This permits a lens stop of f4 .5 which is sufficient to carry, quite extreme ranges of focus. All wide screen methods using 35mm release film require critical attention to the details which affect sharpness. This is mostly a matter of film resolution, but anything we can do to maintain maximum sharpness in the camera is on the credit side. Scenes of high contrast usually appear sharper, when projected, than those of a flatter nature and it is fortunate that modern colour films can be lighted with relatively high contrast. With former colour films, we had to use a great amount of fill light to prevent the shadow side of the faces from reproducing with an objectionable reddish hue. Modern colour films have the ability to preserve shadow detail without colour distortion, so we may now use less fill light to obtain more interesting lightings and also enhance picture definition. Night interiors now appear as they should and, with the small amount of fill light needed, the lighting level is not unreasonable for comfort nor in the amount of equipment used. On large sets, the 10 k.w. lamp is the most practical unit, while on smaller sets, 5 k.w.'s and 2 k.w.'s are the lamps used at the light levels suggested above. Obviously, the f4 .5 stop is not inflexible. Many natural interiors cannot be lighted at 1,000 foot candles and it is not necessary unless there is a desire to carry depth of focus. With natural interiors, photo flood lamps and -the smaller incandescent units are successfully used.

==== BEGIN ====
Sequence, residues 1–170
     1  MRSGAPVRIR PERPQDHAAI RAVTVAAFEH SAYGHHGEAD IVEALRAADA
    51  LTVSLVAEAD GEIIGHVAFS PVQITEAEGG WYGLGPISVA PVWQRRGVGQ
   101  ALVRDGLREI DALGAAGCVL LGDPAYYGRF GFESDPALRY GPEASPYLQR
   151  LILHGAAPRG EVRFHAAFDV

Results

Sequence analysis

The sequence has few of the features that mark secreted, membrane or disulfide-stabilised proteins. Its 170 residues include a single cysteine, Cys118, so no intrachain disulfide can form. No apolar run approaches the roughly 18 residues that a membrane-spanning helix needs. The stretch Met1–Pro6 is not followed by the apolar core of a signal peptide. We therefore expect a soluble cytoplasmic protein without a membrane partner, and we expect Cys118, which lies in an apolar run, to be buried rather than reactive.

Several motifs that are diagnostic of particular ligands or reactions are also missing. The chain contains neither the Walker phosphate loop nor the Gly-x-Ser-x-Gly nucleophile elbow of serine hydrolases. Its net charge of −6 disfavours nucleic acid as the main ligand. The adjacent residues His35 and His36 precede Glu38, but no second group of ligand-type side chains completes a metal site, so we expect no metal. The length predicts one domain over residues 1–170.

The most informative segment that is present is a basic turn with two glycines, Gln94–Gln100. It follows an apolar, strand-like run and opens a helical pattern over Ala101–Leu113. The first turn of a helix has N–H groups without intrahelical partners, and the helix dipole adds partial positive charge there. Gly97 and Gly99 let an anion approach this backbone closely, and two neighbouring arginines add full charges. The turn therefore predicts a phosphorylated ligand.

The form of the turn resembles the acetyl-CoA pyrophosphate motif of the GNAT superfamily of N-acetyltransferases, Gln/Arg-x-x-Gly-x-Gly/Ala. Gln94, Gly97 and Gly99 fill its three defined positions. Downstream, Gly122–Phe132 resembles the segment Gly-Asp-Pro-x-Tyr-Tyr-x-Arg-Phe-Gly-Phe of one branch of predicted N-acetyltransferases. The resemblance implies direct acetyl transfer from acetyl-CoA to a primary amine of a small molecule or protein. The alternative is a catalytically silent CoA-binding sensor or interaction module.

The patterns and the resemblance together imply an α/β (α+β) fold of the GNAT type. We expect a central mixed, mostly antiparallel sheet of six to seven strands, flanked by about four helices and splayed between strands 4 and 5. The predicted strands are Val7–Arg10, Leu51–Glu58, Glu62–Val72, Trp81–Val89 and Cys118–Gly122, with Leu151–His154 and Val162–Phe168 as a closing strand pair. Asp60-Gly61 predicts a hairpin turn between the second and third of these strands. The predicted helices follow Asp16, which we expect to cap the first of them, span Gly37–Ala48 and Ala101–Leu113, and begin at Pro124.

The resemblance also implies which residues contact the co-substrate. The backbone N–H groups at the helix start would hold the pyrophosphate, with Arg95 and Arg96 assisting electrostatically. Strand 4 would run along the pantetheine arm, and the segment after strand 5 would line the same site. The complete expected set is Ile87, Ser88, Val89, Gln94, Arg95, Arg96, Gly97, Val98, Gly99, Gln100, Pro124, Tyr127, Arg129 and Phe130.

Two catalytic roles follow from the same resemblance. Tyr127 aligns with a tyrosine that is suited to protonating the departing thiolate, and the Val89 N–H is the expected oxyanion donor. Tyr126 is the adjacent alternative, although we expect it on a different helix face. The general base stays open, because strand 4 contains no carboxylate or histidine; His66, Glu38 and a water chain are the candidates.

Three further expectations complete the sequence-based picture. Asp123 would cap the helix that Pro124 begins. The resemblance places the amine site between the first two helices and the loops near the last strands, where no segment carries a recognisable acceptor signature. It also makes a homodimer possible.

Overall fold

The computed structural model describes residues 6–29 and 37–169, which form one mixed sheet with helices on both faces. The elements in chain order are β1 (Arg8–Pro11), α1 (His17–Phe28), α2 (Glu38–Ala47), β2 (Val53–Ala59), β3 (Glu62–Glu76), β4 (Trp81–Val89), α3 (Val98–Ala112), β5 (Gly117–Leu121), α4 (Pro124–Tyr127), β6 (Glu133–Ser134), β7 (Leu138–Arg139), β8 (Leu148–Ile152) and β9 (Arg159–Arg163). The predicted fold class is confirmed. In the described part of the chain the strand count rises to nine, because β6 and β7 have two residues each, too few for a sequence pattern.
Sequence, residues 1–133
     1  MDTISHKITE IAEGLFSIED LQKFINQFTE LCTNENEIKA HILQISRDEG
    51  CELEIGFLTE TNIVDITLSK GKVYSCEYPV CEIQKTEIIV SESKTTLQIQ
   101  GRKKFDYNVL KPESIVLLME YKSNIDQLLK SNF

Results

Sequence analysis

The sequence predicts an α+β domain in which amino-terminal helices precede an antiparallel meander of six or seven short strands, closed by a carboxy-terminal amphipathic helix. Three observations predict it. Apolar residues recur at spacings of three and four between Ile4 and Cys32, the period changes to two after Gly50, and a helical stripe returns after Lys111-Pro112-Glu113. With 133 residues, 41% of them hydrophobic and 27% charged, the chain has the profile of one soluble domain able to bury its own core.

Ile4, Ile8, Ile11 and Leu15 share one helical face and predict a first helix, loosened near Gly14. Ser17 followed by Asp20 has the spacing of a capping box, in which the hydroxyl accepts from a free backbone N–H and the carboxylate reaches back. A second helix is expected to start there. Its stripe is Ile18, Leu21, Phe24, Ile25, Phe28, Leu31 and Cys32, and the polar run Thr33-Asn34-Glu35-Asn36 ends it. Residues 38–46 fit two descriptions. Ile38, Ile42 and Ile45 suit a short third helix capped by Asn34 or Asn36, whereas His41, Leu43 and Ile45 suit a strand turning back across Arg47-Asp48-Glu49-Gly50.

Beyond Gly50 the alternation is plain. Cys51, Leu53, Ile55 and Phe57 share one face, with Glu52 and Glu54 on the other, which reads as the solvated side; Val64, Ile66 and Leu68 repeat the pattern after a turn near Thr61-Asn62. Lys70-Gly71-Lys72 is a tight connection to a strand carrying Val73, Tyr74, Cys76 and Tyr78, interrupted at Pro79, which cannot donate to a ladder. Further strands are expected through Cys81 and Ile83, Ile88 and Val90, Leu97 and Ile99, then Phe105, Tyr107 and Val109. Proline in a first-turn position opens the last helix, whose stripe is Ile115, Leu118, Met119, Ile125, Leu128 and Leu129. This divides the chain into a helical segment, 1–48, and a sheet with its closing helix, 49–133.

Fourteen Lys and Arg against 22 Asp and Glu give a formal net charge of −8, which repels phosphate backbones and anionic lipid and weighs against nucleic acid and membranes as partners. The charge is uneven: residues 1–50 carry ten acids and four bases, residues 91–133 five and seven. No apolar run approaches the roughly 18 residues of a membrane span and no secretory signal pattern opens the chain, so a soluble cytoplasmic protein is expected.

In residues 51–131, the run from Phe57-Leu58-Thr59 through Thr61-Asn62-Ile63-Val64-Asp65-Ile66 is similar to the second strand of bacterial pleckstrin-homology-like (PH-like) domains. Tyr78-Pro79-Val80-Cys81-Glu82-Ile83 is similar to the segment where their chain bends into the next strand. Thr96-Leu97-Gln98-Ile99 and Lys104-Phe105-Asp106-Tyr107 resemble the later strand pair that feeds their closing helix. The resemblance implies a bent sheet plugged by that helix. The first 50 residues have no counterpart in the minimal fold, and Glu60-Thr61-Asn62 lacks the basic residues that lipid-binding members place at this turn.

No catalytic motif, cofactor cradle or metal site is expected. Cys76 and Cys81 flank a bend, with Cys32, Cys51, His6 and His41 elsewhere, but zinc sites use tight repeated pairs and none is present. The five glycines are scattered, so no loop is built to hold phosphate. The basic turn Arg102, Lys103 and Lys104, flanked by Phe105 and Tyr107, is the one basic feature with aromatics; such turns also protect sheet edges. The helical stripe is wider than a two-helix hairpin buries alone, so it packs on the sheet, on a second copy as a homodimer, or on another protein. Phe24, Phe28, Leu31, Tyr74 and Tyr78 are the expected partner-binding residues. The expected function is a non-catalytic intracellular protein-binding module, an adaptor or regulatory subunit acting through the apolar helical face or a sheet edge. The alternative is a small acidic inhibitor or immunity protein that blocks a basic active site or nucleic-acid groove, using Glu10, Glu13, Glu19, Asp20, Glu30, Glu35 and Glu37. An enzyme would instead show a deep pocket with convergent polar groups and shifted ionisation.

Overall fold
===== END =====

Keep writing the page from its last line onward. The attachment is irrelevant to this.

The shape of the CinemaScope picture, as previously described, was chosen because it approximates the angle of vision of the human eye, therefore, the spectator becomes a participant of each scene. With this fact in mind, it is good showmanship to devise as many camera angles as possible for "audience participation." Low camera set-ups, views taken straight ahead from moving vehicles, etc., all create audience stimulation that lends excitement and enjoyment to the production. They should be used whenever logically possible.
Rear projection scenes are easily accomplished and some, such as automobile interior scenes, are enhanced in CinemaScope pictures.